Again, the breath results are rejected and the accused are acquitted, strictly on their word that they drank a lot, but it was just before they drove, therefore, they could not have been impaired.

These technicalities are simply not an acceptable way for people to get off the hook when they are driving drunk, and getting off the hook when they are killing four people and injuring more than 200 every day.

If this did actually happen, that people did drink too much booze just before getting behind the wheel and then drove, but were not technically over the legal limit when driving, is it unreasonable to change the law to send a clear message that they should simply not drink an amount which would cause them to be impaired and then drive? Better yet, simply do not drink and drive.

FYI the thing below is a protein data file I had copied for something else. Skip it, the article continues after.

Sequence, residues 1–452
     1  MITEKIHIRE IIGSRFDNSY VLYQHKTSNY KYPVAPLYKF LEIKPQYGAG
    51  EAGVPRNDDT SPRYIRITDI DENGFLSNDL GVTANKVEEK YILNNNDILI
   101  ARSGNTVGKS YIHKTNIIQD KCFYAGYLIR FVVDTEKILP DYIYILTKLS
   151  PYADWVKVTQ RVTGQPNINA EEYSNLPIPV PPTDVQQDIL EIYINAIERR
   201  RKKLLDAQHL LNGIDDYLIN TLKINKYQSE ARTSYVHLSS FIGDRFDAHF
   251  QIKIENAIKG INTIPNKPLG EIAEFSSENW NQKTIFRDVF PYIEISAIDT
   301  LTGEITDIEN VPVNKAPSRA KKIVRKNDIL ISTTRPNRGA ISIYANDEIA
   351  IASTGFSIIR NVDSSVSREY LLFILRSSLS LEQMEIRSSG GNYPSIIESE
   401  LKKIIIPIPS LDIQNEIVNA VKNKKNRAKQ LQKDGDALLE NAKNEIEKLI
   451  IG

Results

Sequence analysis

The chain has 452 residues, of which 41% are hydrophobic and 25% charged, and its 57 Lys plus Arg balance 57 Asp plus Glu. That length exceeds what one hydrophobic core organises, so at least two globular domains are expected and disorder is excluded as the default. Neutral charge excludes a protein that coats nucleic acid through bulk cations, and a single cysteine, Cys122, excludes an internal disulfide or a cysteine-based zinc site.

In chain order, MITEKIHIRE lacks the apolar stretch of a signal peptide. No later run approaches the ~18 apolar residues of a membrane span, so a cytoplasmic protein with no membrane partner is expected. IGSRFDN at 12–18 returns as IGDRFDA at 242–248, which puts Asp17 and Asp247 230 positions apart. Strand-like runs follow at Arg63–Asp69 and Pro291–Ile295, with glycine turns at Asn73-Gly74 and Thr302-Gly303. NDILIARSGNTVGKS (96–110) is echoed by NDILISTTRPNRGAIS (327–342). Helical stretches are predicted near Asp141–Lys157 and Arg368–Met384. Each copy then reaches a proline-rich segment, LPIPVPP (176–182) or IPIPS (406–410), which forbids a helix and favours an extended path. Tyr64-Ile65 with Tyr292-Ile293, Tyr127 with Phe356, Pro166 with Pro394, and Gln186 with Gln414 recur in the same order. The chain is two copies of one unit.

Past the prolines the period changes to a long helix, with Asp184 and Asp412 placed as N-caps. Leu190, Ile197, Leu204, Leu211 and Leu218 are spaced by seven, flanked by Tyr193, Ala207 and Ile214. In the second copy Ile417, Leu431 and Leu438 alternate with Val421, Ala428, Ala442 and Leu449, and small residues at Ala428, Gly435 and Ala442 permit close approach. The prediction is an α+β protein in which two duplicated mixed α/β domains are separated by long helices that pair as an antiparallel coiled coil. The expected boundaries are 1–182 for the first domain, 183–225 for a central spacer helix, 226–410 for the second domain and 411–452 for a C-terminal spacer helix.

What has been the result of these two loopholes being allowed to remain? Despite an estimated 12.5 million impaired driving trips in Canada every year, the majority of offenders are not even stopped by police. We can understand why. Police cannot be everywhere. However even when they are stopped, officers often do not press charges. Police simply do not believe that their work will result in a conviction because the laws are simply not strong enough and there are too many loopholes. Police have told me that the bill would help close the most serious loopholes in the law.